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REVIEW: Ava DuVernay’s ‘Origin’ is a thought-provoking search for clarity through a Howard alumna

“As unfiltered determination meets humane grieving, we see a flower bloom from the concrete through Isabel Wilkerson’s quest for knowledge of her own,” writes Variety reporter Darius Osborne.

“Origin” move promotional picture. Photo courtesy of NEON.

“Origin,” directed by Ava DuVernay, follows the story of Howard alumna Isabel Wilkerson as she navigates the loss of her husband and mother, finds fulfillment in uprooting educational gaps within class, race and the detriment of “lower castes systems” based on societal manipulation and perspective.

The film takes its place as a visual production based on Wilkerson’s novel, “Caste: The Origins of Our Discontents,” which researches the intersections between the creation and mistreatment of working classes worldwide. The initial inspiration for the novel was sparked by the tragic passing of Trayvon Martin in 2012, shortly after Wilkerson had won the Pulitzer Prize for her work “The Warmth of Other Suns.” 

DuVernay captivates viewers while displaying Wilkerson’s insatiable thirst for knowledge, skillfully juxtaposed with her raw and humane vulnerability when confronted by personal tragedy. This poignant storyline brings her character back to square one, leaving audiences empathetically engaged with her newfound journey of self-elevation and education.

Hanna Dessie, freshman TV and film major from Los Angeles, added to this, saying, “As you find yourself as an audience member realizing certain things about the world around you, Wilkerson is coming to these same personal epiphanies at the same time, making everything so relatable.”

The audience sat extremely responsive toward on-screen emotions as well. With every tear, the crowd responded with a resounding “Aws,” and every smile yielded applause.

In a specific scene where Wilkerson, played by Aunjanue Ellis-Taylor, relives a previous conversation she held with two German acquaintances of hers, she beautifully places class as the center of discussion for the film as they argue over the impact of the holocaust versus slavery. Wilkerson quickly discovers that the two tragedies, although not racially similar, have much more in common than one may presume. 

Through the former Bison’s journey to skillfully unite the oppressive experiences of Trayvon Martin’s passing, to Jewish persecution throughout Nazi Germany and the lower class of Dalit people within the Indian caste system, the audience is brought around the world and back in time, making it a thought-provoking and emotionally resonant viewing experience.

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The documentary-like production allows the audience to build inferences upon the perspective-adding take Wilkerson presents in class. When everybody around them places race at the center of the cause for the ensuing madness, she highlights caste systems as a part of the bigger problem at hand.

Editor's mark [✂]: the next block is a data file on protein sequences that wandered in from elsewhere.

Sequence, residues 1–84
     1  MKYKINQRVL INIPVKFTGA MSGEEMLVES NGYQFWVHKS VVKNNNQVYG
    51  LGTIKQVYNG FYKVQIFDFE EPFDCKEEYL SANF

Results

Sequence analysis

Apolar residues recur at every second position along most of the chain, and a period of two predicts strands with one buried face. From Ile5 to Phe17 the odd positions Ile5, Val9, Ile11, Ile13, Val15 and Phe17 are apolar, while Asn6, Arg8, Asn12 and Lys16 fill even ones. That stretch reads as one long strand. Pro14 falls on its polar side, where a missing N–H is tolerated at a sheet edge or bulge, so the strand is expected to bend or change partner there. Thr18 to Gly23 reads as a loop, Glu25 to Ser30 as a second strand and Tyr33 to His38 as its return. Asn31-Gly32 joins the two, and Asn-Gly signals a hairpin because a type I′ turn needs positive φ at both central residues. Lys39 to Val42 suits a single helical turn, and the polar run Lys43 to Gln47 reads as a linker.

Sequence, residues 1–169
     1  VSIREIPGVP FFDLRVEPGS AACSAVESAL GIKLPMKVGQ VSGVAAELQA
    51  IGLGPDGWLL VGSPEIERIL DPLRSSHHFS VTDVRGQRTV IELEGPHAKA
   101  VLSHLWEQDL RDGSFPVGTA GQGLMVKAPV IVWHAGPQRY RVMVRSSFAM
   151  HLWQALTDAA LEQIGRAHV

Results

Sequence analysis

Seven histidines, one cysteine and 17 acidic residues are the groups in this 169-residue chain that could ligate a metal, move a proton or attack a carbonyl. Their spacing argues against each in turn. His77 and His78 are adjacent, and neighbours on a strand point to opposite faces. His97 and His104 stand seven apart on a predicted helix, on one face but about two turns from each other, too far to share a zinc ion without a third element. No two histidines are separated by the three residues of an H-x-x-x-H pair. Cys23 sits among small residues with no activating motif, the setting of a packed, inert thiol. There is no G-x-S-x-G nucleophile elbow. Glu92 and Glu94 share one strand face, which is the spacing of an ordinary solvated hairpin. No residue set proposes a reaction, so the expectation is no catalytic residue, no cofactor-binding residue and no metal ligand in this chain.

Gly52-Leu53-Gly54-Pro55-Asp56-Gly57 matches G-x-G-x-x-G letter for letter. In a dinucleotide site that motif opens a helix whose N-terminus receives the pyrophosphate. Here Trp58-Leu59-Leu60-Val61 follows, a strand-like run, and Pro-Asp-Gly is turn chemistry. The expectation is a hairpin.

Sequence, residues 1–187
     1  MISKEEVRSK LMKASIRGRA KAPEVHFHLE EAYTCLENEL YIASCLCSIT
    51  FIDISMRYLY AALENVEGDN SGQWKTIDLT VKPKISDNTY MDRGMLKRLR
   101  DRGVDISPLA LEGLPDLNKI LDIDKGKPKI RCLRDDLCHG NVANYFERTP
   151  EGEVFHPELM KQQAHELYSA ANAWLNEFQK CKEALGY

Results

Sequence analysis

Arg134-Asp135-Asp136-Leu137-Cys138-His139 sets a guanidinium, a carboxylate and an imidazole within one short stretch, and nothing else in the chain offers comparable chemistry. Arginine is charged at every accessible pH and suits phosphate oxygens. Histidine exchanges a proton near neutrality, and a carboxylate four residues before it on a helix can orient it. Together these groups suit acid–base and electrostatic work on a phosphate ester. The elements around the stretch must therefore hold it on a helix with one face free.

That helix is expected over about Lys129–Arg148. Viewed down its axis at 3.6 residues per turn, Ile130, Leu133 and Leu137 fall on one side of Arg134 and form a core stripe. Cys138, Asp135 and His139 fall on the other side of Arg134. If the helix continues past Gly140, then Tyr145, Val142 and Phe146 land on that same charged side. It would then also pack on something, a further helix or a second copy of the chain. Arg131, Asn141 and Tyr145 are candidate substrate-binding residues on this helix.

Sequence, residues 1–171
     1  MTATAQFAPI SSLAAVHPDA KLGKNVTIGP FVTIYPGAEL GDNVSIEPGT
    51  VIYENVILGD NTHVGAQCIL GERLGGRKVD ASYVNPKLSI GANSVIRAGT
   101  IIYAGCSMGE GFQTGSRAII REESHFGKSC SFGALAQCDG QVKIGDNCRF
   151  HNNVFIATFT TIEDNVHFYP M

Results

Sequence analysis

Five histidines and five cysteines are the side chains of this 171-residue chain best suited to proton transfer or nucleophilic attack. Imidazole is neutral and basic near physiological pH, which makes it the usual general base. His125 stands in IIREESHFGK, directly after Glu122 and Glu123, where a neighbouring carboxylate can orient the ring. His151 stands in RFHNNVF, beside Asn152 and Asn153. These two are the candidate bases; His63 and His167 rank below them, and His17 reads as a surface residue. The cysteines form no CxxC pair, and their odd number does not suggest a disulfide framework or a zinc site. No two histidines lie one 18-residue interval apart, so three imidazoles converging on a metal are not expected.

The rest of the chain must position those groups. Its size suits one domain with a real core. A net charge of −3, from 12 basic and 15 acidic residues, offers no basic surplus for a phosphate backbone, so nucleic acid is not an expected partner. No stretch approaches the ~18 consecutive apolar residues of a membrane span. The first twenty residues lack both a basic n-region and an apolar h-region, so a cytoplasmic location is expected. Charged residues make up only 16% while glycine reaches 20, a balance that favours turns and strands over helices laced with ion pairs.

“The film is not meant to place caste as the center, but rather as a piece of the whole puzzle of societal division and discontent,” DuVernay said in an interview with The Hilltop. “This story is based on interlocking phenomenons that require an intersectional approach… this film is just another color in the painting of this country.”

Cultural customs accepted worldwide are questioned throughout the film, giving it an existential feel. This, mixed with the anguish of losing Wilkerson’s husband and mother, makes even the audience ask themselves, “Why are things just the way they are?”

DuVernay and Wilkerson, the two acting synonymously as history teachers, make the audience question their societal constructs and successfully dismantle foundational concepts that we, as people, just accept.

Junior political science major Israa Mussa from San Francisco, California, shared a similar sentiment, explaining how she believes Origin challenges mainstream beliefs about the foundation of persecution worldwide.

“Ava DuVernay and Isabel Wilkerson unite diverse experiences with this production, sparking a crucial conversation,” she said. “A movie discussing more class rather than race shows the power of universal experience and should be at the centerfold of more of our conversations. The film is simply a great watch.”

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The film is exceptionally hard-hitting and self-reflective but not dictative, giving the audience room to come up with their conclusions after watching this masterpiece. Especially with the current problems that this film centralizes itself around, its artwork is resonant and carries forward conversations that, frankly put, need to be had. 

DuVernay explained that she wanted the audience to walk away with one vital message after the film was released. 

“I hope that this film serves as soul food that sticks to the ribs, leaving a lasting impact on the viewers, not to be ‘empty calories’ lost on the soul. While some films aim to simply provide entertainment or ignite romantic desires within, my ultimate objective with this project is to steer away from being inconsequential and, rather, strive to create a project that lingers in the minds of the audience,” said DuVernay.

Origin is genuine- a story of human experience, grief, and determination that sets itself apart from others by making its audience general and its message personal. This film is original, exciting, and undeniably refreshing, a must-see.

Copy edited by Alana Matthew

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